Les Semaines

May 30, 2004

what I'm thinking and doing § what I'm listening to § what I'm reading
what I'm writing § retrospective: old journal

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The Swinging Bachelorette

Okay, I admit it. I hit the wall on Friday and miss Jim and want him back home. I was doing great until then, enjoying the freedom of the house, hving a good time with friends, getting a little work done on all sorts of things, when I was sitting at work and it hit me like a wall that it was time for Jim to come home. Oddly enough, he was sending me email at the same time.

He's on the mainland now, despite problems with the ferries delaying them a day and half. It's good to know he's on the continent right now. I think at this point he's probably in Williams Lake at our friend's Diane and Harold's place. Harold, whom I've known since first-year university.

Meanwhile, I'm still living the life of the bachelorette, living in silence except when I'm playing music I want to play, making my own messes and tidying them up, getting all the cats' attentions, goofing off with friends and eating more food Jim doesn't like (barbecued ribs from Otis's, yum).

last week's thinking and doing § next week's thinking and doing

Listening

Making my slow way through the stack of cds that have accumulated for review for The Ectophiles' Guide since I left for Turkey, I came across a wonderful disc by Mudville. It hooked me right away with its inventive music and captivating vocals. Delicious music.

last week's listening § next week's listening

Reading

I re-read Mansfield Park because I just saw the movie and thought that the character of Fanny protrayed in the movie didn't match well with my recollection from my long-ago reading of the novel. I think this is the third time I've read it. It's the story of a young girl from a poor branch of her family who is brought up by her aunt's well-to-do family on their estate. It's full of Austen's strong characters and delicate portrayal of the nuances of their interactions and the maneuverings of romantic and familial relationships in that milieu. Fanny was clever, but just as shrinking as I remember--far more than the movie portrayed her. Sad to know how shallow I am: I rather enjoyed the sharper and more witty Fanny portrayed in the movie rather more than the Fanny of the book.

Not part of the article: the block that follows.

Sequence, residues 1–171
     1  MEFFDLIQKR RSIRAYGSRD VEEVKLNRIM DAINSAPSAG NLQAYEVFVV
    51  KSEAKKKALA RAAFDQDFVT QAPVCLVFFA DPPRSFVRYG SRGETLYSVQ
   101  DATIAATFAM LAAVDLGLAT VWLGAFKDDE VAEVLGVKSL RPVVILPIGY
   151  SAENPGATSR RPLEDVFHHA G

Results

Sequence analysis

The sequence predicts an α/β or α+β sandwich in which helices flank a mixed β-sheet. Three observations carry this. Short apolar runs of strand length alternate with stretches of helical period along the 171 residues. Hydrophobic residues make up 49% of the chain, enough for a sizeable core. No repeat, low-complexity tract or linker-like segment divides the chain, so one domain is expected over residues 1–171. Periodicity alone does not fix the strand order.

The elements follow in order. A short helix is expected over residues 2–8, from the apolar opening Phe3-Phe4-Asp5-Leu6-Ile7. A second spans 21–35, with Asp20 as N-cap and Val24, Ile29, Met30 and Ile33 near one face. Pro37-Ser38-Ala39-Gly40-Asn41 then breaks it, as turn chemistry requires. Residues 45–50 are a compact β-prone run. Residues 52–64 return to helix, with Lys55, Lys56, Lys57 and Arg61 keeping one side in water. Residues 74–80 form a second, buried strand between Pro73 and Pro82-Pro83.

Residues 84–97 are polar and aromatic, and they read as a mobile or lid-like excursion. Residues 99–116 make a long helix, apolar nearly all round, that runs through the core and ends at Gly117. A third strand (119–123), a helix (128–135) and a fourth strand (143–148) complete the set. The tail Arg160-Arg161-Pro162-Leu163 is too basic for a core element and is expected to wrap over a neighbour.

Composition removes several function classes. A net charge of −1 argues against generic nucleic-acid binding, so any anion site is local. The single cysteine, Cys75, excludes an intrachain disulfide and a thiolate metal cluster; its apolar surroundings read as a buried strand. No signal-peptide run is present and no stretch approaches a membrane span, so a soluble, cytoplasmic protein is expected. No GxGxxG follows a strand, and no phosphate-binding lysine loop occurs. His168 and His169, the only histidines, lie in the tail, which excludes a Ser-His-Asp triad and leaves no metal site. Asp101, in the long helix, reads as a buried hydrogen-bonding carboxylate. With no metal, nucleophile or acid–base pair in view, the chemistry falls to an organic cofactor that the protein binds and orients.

Carnelia Funke's children's/young adult's novel Inkheart has at its heart a wonderful magical idea: that certain people have the magical ability to make people and things switch places with stories that they read aloud. Meggie is a young girl whose mother has long ago disappeared, and when her father is threatened by a strange-looking man named Dustfinger that the evil Capricorn is about to find her, she discovers her father has a huge secret--and a book he's hiding from her. I loved the ideas here, but overall the story could have had a lot more energy.

Dia Calhoun's White Midnight is a young adult fantasy novel about a rather Fanny-esque heroine: a girl who is frightened of everything. The only strong positive attribute she seems to have is a deep love and connection with the land. When her parents basially sell her to the landowner as a wife ofr his monstrous son she learns her own strengths. An interesting tale but not quite as absorbing as it could have been.

Libba Bray's young adult novel A Great and Terrible Beauty was not at all disappointing. It was one of those books it's easy to get lost in. Gemma is a young, rebellious, and very real sixteen-year-old living in India at the end of the 19th century. She wants to go to London and argues with her mother about it and they get separated, when she has a vision of her mother's killing herself to avoid destruction by some evil kind of thing. It turns out her vision is true and her mother is dead. Soon she finds herself in England at a boarding school and life there is not what she imagined. There are the usual horrible battles over popularity, but Gemma discovers that she has strange powers, and discovers there's a mystery about two girls who died in a fire a generation before--when in one of her visions she finds the diary of one of the girls and now she has it at the school. Oh, and there is also a gorgeous young man warning her not to explore her visions any farther. A fascinating and rich tale.

last week's reading § next week's reading

Writing

A good session at the coffee shop but otherwise not too much. Gearing up for Clarion is taking my extra brain power.

last week's writing § next week's writing

Retrospective: old journal

Still on hiatus.

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